As New York City begins to open up, I have to admit that I’m excited. I know it will be a very different city for a while, with many aspects of urban life canceled or curtailed. But still, I’m excited. For the past three months the city has felt like an empty stage set, full of grand buildings and boulevards but without many people. Now the city’s motley crew has re-emerged, lingering outside the cafes and bars, gingerly entering shops, or simply walking on the streets. Despite the masks, the space between tables and the limits on people in stores, urban life is coming back.

I know, I know. There are lots of people saying this pandemic is going to be the death knell for cities, that their density makes them petri dishes for disease, that people have discovered they don’t need to live in cramped quarters so close to work, that teleconferencing makes the office a relic of the past.

Maybe they’re right. So far, though, they’ve been wrong. In the 14th century, the bubonic plague hit Florence hard, killing more than half of the city’s population, by some estimates. Giovanni Boccaccio’s “Decameron” gave people advice that sounds remarkably current — flee the city, isolate with a few friends and gather in the evenings to eat, drink and tell each other interesting stories (their version of Netflix). And yet, it was after the worst plague in human history that the cities of Europe, Florence in particular, launched the Renaissance.

In 1793, Philadelphia was America’s leading metropolis — the nation’s capital and most populous city. It experienced a gruesome epidemic of yellow fever that literally decimated the population, killing 5,000 of the city’s 50,000 residents. Secretary of State Thomas Jefferson, who had always disliked urban centers, lived in the city’s outskirts and continued to commute to work. He later wrote that this disease, like “most evils are the means of producing some good. The yellow fever will discourage the growth of great cities in our nation.” It didn’t quite work out that way.

Critics say this time is different. New technologies make it much easier for people to work from home, and the danger of disease will keep them away. For perspective, however, it is worth reading Harvard economist Edward Glaeser’s “Triumph of the City.” He points out that U.S. cities faced a bleak future in the 1970s. Globalization and automation had killed off many of the great urban industries, from textile manufacture to shipping. The car had proved to be a killer technology — far more important than Zoom — in allowing people to live farther from the office. Phone service had become cheap and easy. Add race riots, crime and mismanagement, and you had a molotov cocktail of factors that wrecked city life.

And yet, cities came back. They found new economic life in the service sectors, from finance to consulting to health care. Despite the rise of fax machines, email and videoconferencing, cities reinvented themselves in myriad different ways, drawing on a simple asset: human beings like to mingle. Glaeser notes that in industries such as finance and technology, people gain huge advantages by being close to the action, meeting new people, learning day-to-day from mentors and comparing notes — much of which happens accidentally. He points to the data: “Americans who live in metropolitan areas with more than a million residents are, on average, more than 50 percent more productive than Americans who live in smaller metropolitan areas. These relationships are the same even when we take into account the education, experience, and industry of workers. They’re even the same if we take individual workers’ IQs into account.”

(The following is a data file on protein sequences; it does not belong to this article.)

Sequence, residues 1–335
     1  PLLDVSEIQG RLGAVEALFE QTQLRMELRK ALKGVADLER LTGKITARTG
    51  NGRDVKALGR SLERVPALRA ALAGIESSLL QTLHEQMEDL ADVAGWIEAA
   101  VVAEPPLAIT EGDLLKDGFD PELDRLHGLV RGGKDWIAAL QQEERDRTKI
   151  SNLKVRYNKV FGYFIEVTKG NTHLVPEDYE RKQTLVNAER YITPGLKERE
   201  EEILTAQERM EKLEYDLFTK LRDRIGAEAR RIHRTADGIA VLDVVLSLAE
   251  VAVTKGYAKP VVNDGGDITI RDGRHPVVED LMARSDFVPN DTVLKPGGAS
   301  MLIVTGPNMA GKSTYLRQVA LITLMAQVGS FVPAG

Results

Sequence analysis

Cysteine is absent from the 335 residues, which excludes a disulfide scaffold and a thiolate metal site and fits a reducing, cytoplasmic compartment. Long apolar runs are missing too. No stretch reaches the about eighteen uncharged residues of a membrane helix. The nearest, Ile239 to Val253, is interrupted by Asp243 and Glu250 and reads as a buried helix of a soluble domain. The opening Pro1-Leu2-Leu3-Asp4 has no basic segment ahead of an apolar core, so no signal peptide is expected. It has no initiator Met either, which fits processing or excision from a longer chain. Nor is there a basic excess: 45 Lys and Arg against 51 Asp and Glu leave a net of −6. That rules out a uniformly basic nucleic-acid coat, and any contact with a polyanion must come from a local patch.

It’s true the novel coronavirus has presented big cities with new challenges. But it is important not to rush to conclusions. Density is not the problem it is made out to be. Manhattan, the densest part of New York City, has a lower rate of infection than any of the other boroughs. Across the United States, per capita rates of infection are highest in some of the least densely populated regions.

If you look abroad, massive cities have handled the virus stunningly well. Hong Kong, Singapore and Taipei are all dense cities with packed mass transit systems — millions traveling on subways — and yet their covid-19 deaths have been amazingly low (four in Hong Kong, 25 in Singapore and seven in all of Taiwan). They have succeeded in this difficult situation because — perhaps as a consequence of the SARS epidemic — they were prepared. They invested in health care and hygiene. They reacted to the coronavirus early, aggressively and intelligently. Now they are reaping the rewards.

So why has New York City fared so badly? The reasons are similar to some of those responsible for its decline in the 1960s and 1970s: bad leadership, misguided priorities and inept policies. If New York City and other urban centers founder this time, it will not be because of pandemics and technology. It will be for the same reason that countries and cities have failed throughout history — bad government.

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